Local veteran warns Americans about COPD

Report: COPD third leading cause of death in U.S.


SAN ANTONIO – As many as 5.5 percent of Texans have Chronic Obstructive Pulmonary Disease, or COPD.

"I've been smoking since I was 17 and I'm 62 now," says Navy veteran and San Antonio resident Misako Bonner.

Bonner says she smoked a lot during her 19 years in the service.

"It was my saving grace in boot camp," Bonner said.

Now, however, it's quite the opposite. Her smoking is what landed her with COPD, which causes narrowed airways, making it hard to breathe normally.

"I was very casual about my COPD, then I got a reality check," she said.

Her COPD landed her in the hospital twice this year.

"It took all my strength to call 911," she said.

Now, Bonner has quit smoking, and spends so much time with her oxygen tank, she gave it a name.

"This is 'Joe,'" she said. "I take Joe everywhere I go!"

Thanks to Joe and her doctor, Sandra Adams, Bonner lives normall. She goes to Spurs games and even does Zumba every week.

Adams teaches medicine and treates patients at San Antonio's UT Health Science Center and VA hospital.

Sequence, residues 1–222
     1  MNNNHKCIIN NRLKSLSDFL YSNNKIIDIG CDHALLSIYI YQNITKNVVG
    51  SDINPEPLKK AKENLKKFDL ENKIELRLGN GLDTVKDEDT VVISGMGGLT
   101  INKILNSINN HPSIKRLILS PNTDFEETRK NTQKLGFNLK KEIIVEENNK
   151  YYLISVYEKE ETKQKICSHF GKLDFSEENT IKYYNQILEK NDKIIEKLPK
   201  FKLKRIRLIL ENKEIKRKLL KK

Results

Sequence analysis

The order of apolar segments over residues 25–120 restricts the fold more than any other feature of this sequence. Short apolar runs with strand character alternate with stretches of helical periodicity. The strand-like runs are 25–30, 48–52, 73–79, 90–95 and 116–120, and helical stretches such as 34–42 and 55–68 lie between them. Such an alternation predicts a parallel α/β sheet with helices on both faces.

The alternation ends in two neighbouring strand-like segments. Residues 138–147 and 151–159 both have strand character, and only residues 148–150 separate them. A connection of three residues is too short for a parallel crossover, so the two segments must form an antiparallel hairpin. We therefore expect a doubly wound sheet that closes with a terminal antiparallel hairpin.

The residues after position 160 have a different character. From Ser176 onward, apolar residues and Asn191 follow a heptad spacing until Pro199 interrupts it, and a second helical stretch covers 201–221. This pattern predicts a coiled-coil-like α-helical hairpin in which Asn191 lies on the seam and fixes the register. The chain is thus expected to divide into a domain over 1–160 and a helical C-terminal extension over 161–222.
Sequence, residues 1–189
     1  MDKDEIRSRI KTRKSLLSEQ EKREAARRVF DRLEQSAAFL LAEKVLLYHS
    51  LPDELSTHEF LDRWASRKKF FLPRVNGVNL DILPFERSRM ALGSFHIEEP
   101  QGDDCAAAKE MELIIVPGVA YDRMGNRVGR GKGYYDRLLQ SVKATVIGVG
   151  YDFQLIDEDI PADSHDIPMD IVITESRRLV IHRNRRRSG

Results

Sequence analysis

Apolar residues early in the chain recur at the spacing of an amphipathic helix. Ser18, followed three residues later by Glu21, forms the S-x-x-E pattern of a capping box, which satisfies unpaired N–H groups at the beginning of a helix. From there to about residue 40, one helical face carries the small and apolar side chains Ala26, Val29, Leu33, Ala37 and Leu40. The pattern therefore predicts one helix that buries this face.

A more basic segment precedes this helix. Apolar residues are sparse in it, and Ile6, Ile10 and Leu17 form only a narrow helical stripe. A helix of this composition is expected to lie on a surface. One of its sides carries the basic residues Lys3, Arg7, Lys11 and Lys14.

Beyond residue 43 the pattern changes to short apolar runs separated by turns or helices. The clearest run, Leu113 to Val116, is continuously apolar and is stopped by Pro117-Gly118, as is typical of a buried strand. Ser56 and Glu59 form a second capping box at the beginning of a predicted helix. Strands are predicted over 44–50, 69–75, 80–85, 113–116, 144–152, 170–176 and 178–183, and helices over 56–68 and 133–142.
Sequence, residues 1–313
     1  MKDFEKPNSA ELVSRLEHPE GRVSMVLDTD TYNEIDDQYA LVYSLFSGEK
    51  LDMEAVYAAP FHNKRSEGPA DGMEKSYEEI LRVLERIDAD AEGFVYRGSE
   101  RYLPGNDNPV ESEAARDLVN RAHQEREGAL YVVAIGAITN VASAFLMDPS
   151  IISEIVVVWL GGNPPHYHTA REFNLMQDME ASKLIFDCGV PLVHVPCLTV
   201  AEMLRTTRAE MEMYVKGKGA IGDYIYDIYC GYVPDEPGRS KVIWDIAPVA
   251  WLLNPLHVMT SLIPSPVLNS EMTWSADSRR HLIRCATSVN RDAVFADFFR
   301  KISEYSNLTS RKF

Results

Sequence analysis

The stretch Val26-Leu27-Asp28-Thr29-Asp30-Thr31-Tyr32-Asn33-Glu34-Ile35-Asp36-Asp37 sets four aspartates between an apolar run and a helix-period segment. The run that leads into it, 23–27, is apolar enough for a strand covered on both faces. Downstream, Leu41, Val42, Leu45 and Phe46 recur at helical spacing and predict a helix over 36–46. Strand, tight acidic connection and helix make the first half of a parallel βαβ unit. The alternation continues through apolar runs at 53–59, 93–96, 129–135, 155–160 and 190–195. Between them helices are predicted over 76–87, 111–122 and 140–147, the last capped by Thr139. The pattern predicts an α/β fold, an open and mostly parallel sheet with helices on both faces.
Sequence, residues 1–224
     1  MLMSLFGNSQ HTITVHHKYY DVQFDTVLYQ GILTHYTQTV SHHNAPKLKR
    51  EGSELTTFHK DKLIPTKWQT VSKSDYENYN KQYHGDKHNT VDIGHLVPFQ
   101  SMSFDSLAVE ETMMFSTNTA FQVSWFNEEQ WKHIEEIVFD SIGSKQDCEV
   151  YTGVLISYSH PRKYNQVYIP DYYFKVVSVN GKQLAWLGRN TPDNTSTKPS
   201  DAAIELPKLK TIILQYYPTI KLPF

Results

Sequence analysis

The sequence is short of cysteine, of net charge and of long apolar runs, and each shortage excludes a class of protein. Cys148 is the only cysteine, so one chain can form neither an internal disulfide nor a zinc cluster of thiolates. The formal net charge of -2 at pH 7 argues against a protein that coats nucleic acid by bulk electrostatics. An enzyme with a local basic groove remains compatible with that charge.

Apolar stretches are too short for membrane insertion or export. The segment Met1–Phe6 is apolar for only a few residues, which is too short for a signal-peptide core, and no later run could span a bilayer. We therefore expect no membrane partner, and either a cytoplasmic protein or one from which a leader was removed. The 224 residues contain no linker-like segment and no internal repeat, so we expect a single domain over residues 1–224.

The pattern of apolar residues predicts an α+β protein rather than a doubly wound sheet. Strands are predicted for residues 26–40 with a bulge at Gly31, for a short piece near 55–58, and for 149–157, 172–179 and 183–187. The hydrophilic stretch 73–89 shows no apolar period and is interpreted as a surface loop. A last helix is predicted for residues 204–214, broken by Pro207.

She says many COPD patients don't recognize symptoms early enough, and wants to change that. That's why she created a website, wipediseases.org.

"We've taken real patient information, we've taken the guidelines and put it into plain English, so physicians, PAs, pharmacists, respiratory therapists and nurses -- all of health care -- can see how to treat COPD the best," Adams said.

There are lots of devices that can help patients with your COPD, but the issue is you can't get your hands on them unless you recognize your symptoms and get diagnosed. Adams sadi education can lead to quicker diagnosis and longer lives.

For more information on COPD, visit this website.

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